But it was a woman in a rumpled cardigan who put the bullet into the back of the neck of 42 day proposal. Former head of MI5, Lady Manningham- Buller (her Lord Chancellor father was known as “Bullying Manner”) dispatched it in a very few words in her maiden speech.
I have weighed up the balance between the right to lifethe most important civil libertythe fact that there is no such thing as complete security and the importance of our hard-won civil liberties. Therefore, on a matter of principle, I cannot support the proposal in the Bill for pre-charge detention of 42 days.
Recalling as I do vividly the early morning internment was imposed, August 9 1971, it’s striking how nowadays, the reasons for its failure are so completely taken for granted, and regarded as just a small kink in the golden thread of British justice. Former Attorney General and NI Secretary Lord Mayhew made the point:
Just as internment in Northern Ireland in the 1970s put us on the back foot and encouraged the violence we were resisting, so this proposal will predictably harm us.
Two former Met commissioners, Imbert and Condon, divided for and against 42 days and another former senior spook Lady Park, a scourge of the IRA and Sinn Fein took a different view from Manningham -Buller
I remain committed to the urgent need to extend the powers on pre-charge detention seven days at a time when asked for, for up to 42 days. The enemy is not the IRA but a global, amorphous organisation that uses rare forms of Arabic to communicate. It is highly skilled in new communications technology and its tentacles reach into Saudi Arabia, Indonesia, Pakistan and Malaysia. The men and women with the necessary linguistic and professional knowledge to extract intelligence from vast quantities of material seized are hard pressed.
The technical case against 42 days was put by a retired law lord, (most senior appeal court member) Lord Steyn.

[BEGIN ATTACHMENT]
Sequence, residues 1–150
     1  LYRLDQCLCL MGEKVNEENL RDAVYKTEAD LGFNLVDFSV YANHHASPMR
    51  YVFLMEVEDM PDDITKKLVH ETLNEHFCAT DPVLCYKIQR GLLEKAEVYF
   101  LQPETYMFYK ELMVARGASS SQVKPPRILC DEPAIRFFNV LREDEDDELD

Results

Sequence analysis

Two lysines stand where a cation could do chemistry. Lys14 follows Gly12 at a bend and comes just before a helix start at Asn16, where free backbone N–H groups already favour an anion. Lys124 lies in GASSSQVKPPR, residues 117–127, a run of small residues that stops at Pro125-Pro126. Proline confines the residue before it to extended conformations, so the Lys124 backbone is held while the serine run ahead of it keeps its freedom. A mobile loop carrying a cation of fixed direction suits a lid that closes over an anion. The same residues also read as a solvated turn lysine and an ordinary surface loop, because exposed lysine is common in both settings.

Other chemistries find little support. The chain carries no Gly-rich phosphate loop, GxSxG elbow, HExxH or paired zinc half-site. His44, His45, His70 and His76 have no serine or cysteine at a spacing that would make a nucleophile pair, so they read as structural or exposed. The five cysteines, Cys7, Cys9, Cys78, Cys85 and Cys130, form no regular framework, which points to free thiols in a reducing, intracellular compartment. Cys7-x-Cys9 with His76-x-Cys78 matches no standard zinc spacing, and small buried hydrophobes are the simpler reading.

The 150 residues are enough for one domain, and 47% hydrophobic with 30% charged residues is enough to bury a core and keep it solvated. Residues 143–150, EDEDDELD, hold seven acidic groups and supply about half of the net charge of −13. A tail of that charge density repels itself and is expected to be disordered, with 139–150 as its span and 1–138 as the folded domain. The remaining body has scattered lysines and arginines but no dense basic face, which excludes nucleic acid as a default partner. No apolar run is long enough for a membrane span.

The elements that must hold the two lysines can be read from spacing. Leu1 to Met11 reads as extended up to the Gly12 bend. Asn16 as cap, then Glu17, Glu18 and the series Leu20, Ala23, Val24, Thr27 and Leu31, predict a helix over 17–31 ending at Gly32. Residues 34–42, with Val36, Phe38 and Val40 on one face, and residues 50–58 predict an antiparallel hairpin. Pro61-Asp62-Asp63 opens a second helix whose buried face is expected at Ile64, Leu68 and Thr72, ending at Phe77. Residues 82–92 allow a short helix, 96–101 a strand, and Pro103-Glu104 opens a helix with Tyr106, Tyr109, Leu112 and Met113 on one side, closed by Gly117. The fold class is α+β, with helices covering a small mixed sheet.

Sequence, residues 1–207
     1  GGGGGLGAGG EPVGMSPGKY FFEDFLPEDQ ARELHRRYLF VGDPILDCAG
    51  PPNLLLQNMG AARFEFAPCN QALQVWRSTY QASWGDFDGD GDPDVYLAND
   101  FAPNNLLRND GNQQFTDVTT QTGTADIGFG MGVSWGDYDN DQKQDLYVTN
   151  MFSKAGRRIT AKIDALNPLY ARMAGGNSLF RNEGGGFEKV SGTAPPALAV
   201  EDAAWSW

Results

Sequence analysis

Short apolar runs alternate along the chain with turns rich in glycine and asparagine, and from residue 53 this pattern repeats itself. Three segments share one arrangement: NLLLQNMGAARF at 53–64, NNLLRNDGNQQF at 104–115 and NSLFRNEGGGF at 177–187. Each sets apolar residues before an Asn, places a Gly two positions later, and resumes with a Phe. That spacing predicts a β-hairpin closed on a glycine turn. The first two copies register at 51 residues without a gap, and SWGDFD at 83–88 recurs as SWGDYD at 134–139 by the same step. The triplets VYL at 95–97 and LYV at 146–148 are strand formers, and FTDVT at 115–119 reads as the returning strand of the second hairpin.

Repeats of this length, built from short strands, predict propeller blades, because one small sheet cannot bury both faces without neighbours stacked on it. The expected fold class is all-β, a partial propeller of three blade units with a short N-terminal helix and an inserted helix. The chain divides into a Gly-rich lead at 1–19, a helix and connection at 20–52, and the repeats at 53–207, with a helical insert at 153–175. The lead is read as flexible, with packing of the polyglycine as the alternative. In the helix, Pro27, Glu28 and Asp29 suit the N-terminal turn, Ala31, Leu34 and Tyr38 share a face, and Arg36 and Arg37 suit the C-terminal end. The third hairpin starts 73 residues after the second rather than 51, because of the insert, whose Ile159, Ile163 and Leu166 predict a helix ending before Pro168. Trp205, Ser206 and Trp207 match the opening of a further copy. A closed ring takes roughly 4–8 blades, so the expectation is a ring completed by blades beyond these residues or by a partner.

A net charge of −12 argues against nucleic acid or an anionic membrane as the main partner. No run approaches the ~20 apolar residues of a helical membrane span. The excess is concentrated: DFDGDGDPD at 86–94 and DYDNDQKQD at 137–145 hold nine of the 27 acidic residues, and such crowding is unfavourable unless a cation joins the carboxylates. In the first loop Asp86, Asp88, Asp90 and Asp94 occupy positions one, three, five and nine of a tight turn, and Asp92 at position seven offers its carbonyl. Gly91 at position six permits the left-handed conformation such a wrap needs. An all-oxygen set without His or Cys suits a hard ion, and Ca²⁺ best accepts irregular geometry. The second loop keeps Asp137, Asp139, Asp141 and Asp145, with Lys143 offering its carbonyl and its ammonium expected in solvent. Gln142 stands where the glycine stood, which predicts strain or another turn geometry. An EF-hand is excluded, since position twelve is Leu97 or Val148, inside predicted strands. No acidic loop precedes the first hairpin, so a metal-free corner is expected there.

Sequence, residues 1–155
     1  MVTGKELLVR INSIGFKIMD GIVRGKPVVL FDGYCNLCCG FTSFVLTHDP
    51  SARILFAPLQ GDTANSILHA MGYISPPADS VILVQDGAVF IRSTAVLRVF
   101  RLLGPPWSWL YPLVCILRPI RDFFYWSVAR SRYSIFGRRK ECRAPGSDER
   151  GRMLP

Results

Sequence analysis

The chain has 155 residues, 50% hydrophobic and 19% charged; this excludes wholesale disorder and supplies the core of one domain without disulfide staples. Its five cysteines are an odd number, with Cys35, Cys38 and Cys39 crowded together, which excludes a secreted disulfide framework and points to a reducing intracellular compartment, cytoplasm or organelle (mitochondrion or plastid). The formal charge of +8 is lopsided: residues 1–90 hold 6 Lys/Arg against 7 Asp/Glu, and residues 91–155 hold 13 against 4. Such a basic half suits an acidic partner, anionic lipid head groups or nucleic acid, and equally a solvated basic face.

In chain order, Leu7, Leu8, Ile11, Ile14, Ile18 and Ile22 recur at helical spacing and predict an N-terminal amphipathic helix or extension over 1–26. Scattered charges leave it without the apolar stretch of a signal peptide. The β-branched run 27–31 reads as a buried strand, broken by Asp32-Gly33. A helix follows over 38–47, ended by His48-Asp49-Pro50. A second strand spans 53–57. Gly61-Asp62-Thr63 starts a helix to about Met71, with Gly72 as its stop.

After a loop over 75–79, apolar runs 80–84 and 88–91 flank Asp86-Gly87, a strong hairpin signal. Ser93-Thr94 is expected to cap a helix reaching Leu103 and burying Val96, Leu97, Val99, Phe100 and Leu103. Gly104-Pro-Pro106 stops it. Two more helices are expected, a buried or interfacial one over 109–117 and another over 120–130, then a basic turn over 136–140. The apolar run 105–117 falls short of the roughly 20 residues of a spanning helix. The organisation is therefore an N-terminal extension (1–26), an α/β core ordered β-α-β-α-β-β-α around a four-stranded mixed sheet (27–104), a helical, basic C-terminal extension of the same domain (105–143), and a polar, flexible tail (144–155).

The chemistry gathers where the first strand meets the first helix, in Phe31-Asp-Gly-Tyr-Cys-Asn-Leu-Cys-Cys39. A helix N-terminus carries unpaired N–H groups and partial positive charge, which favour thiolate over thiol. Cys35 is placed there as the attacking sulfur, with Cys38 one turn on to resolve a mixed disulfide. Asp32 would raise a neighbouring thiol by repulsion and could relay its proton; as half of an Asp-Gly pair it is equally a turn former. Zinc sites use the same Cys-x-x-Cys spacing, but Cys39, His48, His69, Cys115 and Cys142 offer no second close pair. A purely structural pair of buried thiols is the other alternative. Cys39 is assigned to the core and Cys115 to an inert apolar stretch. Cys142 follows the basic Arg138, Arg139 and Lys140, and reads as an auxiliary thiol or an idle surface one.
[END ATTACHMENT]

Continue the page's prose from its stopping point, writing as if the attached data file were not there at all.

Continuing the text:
I am mystified by the purpose of the Government in embarking on this wholly unnecessary legislation. I asked myself whether it was for a tawdry political objective to wrong-foot political opponents, but I would not readily accept that because it would mean that the Government, instead of pursuing the public interest, were guilty of an abuse of power. I continue to be mystified about the Governments motivation in bringing forward this senseless legislation.
But there is a second and wholly separate reason why the 42-day provision in the Bill deserves to be rejected by this House. The so-called protections in the Bill are illusory and constitutionally illiterate. While the Bill makes provision for judicial oversight it is meaningless, because before a person is charged there is no evidence for a court to test. More importantly, the supposed parliamentary oversight is non-existent because Parliament cannot in our system examine individual cases. The attempt to create a provision for compensation possibly amounting to £3,000 per day is truly absurd.
Lord Ahmed, for a peer a youngish representative of Muslim communities, had no doubt about the impact of 42 days on them.
Last week, I asked a young man about the Governments proposal and he said, Sir, I believe that our anti-terror laws are now on a par with McCarthyism and the experience of the Jewish community within Europe during the last century. I cannot support the 42 days on the one hand, yet talk about the experience of the Muslim youth on the other, as the junior Minister did last week. If that is how young people feel, I am afraid that the Governments rhetoric about winning hearts and minds will be doomed to failure. You cannot demonise peoples faith and marginalise young individuals, then expect to win any support from those you have alienated.
It’s very hard to see how 42 days can survive this onslaught. Unless any deal is far more sweeping than anything which may or may not have been dangled before the DUP.
Former BBC journalist and manager in Belfast, Manchester and London, Editor Spolight; Political Editor BBC NI; Current Affairs Commissioning editor BBC Radio 4; Editor Political and Parliamentary Programmes, BBC Westminster; former London Editor Belfast Telegraph. Hon Senior Research Fellow, The Constitution Unit, Univ Coll. London